Before journalist Kiri Blakeley's fiancé uttered these words, she had no idea he was a closeted gay man—who had been having sex with other guys for two years. On the release of her new memoir, Can't Think Straight, Blakeley talks about the night that changed her life.
MC: Describe the moment your then-fiancé, Aaron, confessed he was gay.
KB: It was 11 p.m., and I was getting ready for bed and Aaron was watching television. It was business as usual. Suddenly he called out, "Kiri, we need to talk." He sounded formal and strange, so I came into the living room. He said, "I'm having issues with my sexuality—I'm fantasizing about going down on men." I laughed. I thought he was joking. Then he burst into wracking sobs, and my whole body went cold. This was a man who never even let me touch his butt! We had a nice, normal, vanilla sex life. It just didn't make sense. I opened a bottle of wine and started chain smoking and firing angry and tearful questions at him in disbelief until we were both exhausted and the sun came up. A few days later I kicked him out and cried my eyes out before settling into a catatonic state. And for the first time ever, I looked at the world as an evil place because nothing—and no one—was what I thought.
MC: Why did he pretend to be straight for a decade?
KB: Aaron's sexuality was morphing. Because he wasn't sure he was gay (he was in denial), he didn't confess earlier for fear of losing me. After he confessed, I broke into his e-mail and found not only gay porn but messages to one of his lovers. It was clear that these men were compartmentalizing their lives. Their e-mails were part of a fantasy, they were not reality. When I read that he was developing real-life feelings for his lover, I realized why he chose to tell me when he did. Also, we had been engaged for nine years—being a child of divorce, I've always been wary of marriage—and had finally decided to get married. I think the pressure of a wedding was too much to bear.
MC: In retrospect, were there red flags that he was gay and cheating?
KB: There were symptoms of a problem, but only in hindsight were they indicators that he was gay. For example, our sex life had slowed down. But we had been together for so long, I figured the spark had just diminished. The confusing part is, when we did have sex, he had no problem getting it up. There are gay men who get nauseous thinking about a woman sexually—Aaron isn't one of them. He also grew a beard and refused to shave it. Only later did I find out he had developed a fetish for hairy men. The weird thing is, Aaron is a very masculine guy with a deep voice. He plays soccer, wears loose clothing, doesn't use loads of hair gel, and never reeks of Axe body spray.
There were also no conventional signs of infidelity: emotional distance, disappearing acts, strange phone calls in the middle of the night. In fact, we spoke before he left the office every day. On his way home, he'd stop at some random guy's house whom he'd met online, unzip, get a blow job, then pick up milk before he came home, always at the same time. Gay sex is easier to hide. Whereas an affair with a woman might get messy—she could get emotionally attached and call his home—sex with a guy is simple. There's no postcoital chatting. Gay men get right to the point. When Aaron began dating men, he said he actually stopped seeing someone because the guy couldn't get it up. He said, "With gay men, sex is the easiest part. If you can't get that right, there's a problem."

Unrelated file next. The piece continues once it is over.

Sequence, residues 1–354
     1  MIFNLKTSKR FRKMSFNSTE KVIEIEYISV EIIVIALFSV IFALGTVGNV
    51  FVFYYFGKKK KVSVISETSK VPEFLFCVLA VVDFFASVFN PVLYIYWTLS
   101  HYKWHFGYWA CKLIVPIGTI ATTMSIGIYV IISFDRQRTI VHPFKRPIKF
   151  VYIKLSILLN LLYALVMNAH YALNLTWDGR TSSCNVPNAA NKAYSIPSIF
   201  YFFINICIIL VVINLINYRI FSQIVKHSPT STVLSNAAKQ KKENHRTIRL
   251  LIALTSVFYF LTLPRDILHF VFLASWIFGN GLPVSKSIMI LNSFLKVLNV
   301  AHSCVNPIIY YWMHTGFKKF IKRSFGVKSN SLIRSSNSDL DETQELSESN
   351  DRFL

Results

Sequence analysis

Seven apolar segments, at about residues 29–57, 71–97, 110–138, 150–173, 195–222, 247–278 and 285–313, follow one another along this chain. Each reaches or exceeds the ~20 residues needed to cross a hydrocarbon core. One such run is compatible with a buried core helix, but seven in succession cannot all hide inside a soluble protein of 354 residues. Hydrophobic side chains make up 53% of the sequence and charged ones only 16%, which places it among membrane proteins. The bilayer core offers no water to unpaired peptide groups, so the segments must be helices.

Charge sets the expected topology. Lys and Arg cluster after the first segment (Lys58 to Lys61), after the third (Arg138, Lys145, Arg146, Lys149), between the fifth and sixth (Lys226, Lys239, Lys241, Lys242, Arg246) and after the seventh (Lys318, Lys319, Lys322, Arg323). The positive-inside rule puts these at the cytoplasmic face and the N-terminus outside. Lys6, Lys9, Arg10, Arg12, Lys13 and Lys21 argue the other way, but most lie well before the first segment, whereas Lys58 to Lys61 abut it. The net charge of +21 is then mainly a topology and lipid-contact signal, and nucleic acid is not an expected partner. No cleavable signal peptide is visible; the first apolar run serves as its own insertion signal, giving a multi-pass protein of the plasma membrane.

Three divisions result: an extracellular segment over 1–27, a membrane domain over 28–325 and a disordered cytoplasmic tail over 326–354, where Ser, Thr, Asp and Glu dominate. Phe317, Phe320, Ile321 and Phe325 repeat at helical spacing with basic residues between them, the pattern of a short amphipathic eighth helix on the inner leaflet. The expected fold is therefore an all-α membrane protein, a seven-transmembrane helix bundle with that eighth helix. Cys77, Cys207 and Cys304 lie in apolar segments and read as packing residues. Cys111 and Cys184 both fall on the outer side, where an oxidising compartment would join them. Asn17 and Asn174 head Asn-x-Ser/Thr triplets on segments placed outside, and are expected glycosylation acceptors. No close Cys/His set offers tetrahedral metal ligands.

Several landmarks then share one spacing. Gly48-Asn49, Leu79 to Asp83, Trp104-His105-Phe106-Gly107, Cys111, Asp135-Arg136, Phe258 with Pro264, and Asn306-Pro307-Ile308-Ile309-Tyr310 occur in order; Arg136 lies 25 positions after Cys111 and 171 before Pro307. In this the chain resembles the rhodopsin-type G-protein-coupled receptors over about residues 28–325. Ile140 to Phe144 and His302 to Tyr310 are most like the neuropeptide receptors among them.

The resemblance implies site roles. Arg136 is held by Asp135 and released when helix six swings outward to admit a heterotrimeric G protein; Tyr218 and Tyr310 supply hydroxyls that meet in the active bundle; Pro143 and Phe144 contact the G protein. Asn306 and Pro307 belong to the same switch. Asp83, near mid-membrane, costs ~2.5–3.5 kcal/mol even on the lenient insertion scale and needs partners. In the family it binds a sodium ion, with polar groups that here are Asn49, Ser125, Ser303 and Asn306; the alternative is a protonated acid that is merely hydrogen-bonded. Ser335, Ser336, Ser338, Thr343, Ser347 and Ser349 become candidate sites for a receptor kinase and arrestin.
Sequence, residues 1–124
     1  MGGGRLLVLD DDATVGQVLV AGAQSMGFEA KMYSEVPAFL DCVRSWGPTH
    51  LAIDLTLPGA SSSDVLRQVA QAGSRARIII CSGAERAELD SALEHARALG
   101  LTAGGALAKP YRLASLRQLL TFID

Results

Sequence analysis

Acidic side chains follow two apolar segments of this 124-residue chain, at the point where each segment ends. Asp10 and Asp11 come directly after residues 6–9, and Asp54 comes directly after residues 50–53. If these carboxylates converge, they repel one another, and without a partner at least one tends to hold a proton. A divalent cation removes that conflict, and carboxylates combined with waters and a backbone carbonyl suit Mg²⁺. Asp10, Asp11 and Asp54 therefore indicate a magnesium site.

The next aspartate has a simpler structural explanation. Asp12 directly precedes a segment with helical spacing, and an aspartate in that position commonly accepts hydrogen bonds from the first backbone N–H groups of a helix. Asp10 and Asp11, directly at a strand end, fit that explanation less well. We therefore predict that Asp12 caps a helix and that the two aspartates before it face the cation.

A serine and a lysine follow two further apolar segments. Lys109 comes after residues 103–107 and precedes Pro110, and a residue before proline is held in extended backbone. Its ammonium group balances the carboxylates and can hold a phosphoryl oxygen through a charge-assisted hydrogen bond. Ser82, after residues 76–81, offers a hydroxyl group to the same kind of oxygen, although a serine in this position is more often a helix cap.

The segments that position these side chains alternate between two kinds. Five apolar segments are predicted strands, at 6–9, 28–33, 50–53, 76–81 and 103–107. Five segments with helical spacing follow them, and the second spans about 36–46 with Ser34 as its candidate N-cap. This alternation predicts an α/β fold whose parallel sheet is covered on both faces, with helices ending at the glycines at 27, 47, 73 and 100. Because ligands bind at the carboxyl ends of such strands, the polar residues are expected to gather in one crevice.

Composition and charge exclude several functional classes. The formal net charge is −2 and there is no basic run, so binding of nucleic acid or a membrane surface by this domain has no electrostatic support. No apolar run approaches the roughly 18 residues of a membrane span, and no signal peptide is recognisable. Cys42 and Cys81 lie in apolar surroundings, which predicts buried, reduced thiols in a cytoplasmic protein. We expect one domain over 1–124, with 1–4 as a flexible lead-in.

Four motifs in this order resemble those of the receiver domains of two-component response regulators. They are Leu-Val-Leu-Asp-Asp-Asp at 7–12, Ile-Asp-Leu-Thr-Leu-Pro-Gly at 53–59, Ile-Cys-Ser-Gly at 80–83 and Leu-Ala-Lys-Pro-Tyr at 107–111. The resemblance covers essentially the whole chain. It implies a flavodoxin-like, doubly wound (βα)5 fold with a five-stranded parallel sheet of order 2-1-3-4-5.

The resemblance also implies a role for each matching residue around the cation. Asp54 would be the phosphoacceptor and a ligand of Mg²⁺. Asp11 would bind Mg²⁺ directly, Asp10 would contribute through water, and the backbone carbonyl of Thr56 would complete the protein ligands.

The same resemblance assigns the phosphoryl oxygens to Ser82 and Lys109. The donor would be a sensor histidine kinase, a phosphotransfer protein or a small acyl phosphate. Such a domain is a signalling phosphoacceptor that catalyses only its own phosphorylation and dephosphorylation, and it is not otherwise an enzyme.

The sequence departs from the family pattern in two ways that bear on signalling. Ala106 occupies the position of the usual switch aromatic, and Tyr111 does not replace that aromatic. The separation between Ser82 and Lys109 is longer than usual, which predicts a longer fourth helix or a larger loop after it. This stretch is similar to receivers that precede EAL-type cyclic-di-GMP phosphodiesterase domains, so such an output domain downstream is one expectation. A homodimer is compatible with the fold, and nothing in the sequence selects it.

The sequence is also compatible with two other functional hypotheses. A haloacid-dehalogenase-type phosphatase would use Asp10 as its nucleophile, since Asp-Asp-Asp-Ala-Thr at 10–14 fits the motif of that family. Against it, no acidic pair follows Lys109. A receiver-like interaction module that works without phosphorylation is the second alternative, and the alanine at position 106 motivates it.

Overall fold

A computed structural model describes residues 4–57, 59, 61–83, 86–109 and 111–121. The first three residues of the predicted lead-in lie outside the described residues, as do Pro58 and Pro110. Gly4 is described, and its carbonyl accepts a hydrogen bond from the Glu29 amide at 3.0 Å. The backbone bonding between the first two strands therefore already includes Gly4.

MC: How did friends and family react?
KB: To cope, I blabbed to everyone that Aaron was gay. I actually wasn't humiliated because everyone else was shocked, too. If other people were fooled, I guess I could forgive myself for being fooled as well. But my parents were in denial. My mom said he'd "come to his senses" and "regret it." And although his family was bewildered, they supported him—especially his friends and his gay sister. His mother cried, "Not another one!"
MC: What are you angriest about?
KB: The fact that I had wasted my fertile years with a gay man didn't bother me too much because having kids wasn't really a priority for me. I was most pissed that he had been cheating and lying for years, and putting my sexual health at risk. He also allowed us to buy an apartment and tell my grandma we were getting married—all the while screwing men.
MC: How did you function day to day?
KB: At the time, I was a reporter, and I had to tell my boss what was going on because I lost a lot of weight and always had red, swollen eyes. For a while I was a zombie. I'd walk onto the street in a daze and almost get hit by taxis.
MC: Freshly single, you say you "self-medicated with sex." Can you explain?
KB: I became addicted to sex. It gave me a dopamine rush in the same way that drugs and alcohol affect your brain. Soon, I couldn't just sit home on a Sunday night and read. I would claw my skin in physical withdrawal. The only solution was to get dressed and go to a bar to find a guy.
MC: How does Aaron feel about your book—no pun intended—coming out?
KB: He's OK with it. Strangely, the person who helped me through the breakup was Aaron. He let me call him and scream, and he got me through it. Ultimately, I respected his honesty—but it could have come a lot sooner.